Tuesday, March 11, 2014

The value of fabric choices

Marny here…we strive to provide depth and focus in our quilts through the use of color and value.  It makes our quilts a bit more special and adds a taste of the unexpected…yes, we've discussed this before, but it really is the first step we go through when auditioning fabrics for our new pattern ideas.   The Spring Quilt Market is just around the corner, so join in our process for a bit.
Here is a grouping of eight fabrics.  There are seven folded and they are lying on the eighth.    It is good to see that a variety of textures and scales and patterns are represented.  See Step 1.

Steps we use for auditioning fabric for specific spots within a quilt.
  1. Recognize which fabrics work together well looking at color, scale, intensity, value and pattern.
  2. Sort by value, that is, sort from light to dark.  You may need to do this for all the fabrics overall and again within color families depending on your pattern.  Almost all quilts benefit from a range of values being represented.  I used the black and white effect in iPhoto to easily show the range of values among my fabrics.  (You can also step back and squint, use a viewfinder on a camera, or a "ruby beholder" if you have one.  I've heard the little "eye" you stick in a door to see who is knocking also works.  Using iPhoto was just my method.)
  3. Make sure any desired effects, like transparency, are possible with your chosen fabrics.
  4. Make sure the focus is understandable and/or the pieced shapes you want to be seen are noticeable. 
  5. All that being said, there should be some energy and excitement among the fabric, design and quilting or the end product will be too bland or boring. 

Proof there is also a wide range of values from light to dark here.  
Also part of Step 1.  

The fabrics are arranged from the lightest to the darkest. (Step 2)  The solid creamy yellow background is underneath.  Right from the get go it is easy to see the values of the background and the folded light green solid shot cotton are too similar to be used side by side effectively.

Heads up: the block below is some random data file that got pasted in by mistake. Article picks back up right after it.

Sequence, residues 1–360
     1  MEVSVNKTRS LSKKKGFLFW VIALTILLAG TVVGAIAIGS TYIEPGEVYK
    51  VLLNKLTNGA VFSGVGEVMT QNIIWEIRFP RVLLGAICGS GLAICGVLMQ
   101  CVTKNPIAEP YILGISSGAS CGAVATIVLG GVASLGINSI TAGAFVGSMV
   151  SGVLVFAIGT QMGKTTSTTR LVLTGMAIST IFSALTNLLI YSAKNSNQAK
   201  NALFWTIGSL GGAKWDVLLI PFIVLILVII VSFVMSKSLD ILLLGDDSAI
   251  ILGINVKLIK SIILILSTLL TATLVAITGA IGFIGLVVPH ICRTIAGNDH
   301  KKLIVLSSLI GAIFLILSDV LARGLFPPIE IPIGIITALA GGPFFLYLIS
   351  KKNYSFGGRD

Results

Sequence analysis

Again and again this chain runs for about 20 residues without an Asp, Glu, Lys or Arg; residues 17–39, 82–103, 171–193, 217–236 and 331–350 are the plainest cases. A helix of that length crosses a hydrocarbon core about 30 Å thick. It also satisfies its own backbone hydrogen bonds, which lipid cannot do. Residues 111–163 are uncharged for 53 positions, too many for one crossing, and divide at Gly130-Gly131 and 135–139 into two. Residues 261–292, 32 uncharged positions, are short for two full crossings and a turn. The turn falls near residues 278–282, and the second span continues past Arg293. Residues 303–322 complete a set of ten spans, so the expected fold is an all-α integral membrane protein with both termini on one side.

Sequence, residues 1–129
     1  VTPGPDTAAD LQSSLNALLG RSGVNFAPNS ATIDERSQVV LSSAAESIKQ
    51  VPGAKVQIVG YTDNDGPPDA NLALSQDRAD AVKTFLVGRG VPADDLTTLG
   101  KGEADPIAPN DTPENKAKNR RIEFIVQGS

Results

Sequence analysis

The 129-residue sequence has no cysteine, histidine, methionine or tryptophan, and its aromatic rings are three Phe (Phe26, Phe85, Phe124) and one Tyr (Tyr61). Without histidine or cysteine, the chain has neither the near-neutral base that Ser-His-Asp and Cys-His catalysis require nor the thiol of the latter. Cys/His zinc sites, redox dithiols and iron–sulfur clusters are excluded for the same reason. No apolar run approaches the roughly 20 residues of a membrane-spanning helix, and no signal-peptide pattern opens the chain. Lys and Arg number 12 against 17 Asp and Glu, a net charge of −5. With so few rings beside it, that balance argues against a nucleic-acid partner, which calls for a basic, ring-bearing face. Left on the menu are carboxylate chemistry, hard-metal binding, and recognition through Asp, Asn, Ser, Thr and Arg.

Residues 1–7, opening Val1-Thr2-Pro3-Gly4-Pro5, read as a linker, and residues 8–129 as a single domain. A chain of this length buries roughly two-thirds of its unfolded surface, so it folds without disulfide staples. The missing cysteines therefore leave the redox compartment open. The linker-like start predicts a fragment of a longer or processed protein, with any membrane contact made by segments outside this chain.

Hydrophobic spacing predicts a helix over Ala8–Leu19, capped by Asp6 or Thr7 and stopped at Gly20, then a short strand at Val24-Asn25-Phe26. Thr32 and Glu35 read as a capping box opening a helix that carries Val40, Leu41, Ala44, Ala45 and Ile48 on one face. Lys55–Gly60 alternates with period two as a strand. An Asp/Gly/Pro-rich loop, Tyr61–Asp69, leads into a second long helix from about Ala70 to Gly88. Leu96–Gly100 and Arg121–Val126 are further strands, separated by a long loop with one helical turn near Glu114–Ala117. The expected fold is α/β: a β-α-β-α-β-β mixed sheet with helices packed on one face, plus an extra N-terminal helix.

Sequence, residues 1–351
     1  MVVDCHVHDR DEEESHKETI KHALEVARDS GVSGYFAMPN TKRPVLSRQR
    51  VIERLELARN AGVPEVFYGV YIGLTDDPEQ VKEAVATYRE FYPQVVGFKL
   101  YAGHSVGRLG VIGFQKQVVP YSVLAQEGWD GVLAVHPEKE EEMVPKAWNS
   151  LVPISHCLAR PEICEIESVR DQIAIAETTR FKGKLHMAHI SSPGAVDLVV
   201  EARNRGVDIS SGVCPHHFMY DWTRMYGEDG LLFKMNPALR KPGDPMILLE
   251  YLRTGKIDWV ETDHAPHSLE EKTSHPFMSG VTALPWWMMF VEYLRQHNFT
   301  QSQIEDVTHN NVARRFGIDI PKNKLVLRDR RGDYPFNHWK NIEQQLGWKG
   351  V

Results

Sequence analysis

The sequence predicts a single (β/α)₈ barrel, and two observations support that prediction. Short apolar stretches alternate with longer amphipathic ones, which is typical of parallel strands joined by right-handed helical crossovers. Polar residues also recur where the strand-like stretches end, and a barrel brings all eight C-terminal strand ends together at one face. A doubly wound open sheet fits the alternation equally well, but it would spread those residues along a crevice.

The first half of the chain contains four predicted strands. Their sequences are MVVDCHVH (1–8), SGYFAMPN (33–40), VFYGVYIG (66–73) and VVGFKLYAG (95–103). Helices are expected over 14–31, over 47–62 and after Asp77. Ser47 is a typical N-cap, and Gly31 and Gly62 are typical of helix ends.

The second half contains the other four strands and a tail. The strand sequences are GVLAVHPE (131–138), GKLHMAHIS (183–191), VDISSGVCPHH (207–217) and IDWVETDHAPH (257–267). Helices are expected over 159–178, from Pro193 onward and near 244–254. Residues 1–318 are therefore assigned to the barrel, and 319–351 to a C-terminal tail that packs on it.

The dotted fabric at the lower edge of the photo is darker in places than the solid light green, but unfolded it appears lighter on the design wall.  There are large areas of cream in its overall pattern.

If you are in a quilt store you can line up your bolts from dark to light on a table, cart or even the floor to get an idea if you are on the right path. 

These photos represent checking for effective transparency in the intersection.  A vertical band of dark valued teal and a light valued horizontal band of green intersect with one another.  The intersecting fabric does share color characteristics of both the other fabrics so intellectually it seems like a good intersection.  But the values of the dark teal and the intersection print are just a bit too close to one another for a transparent effect to work for the planned design.

The green horizontal has remained, but a medium dark valued vertical teal and a darker valued print with green have been substituted.  It is believable.  Not necessarily what we'd hoped for, but it works.

Then the medium dark textured tries its turn as the intersection and the darker print becomes the vertical.  Now the horizontals seem too close in value.  

This illustrates too much competition between prints,
 distracting from the intersection concept.

(Step 4)  This is a great Joel Dewberry fabric that we wanted to use in pretty big pieces.  As much as we like this fabric and how it looked cut up (awesome) it didn't give us the focus we needed in our design.  Its overall print did not stand up against the graphic lines and intersections that were planned for the rest of the quilt.  Hopefully it will find its own special home on a quilt in the near future.

So Step 5.  Kind of tricky to give any guidance on this one, bland and boring is in the eye of the beholder.  Go with your instincts, it is you quilt afterall!  Just keep the thought that sometimes your least favorite fabric is the one that gives life to the quilt, or the unplanned juxtaposition of two fabrics you were sure wouldn't work adds some energy, or a turned block lights the quilt up, or whatever.  Surprises are sometimes the best part of quilt making.

Till Tuesday…


  1. The black/white photos are a great tool. BTW, very nice trunk show display in the window of the Quilted Windmill.

  2. Great demonstration of how fabrics work or don't work together. I'm guilty of not always working with value as much as I could to improve a design. Thanks for the post.


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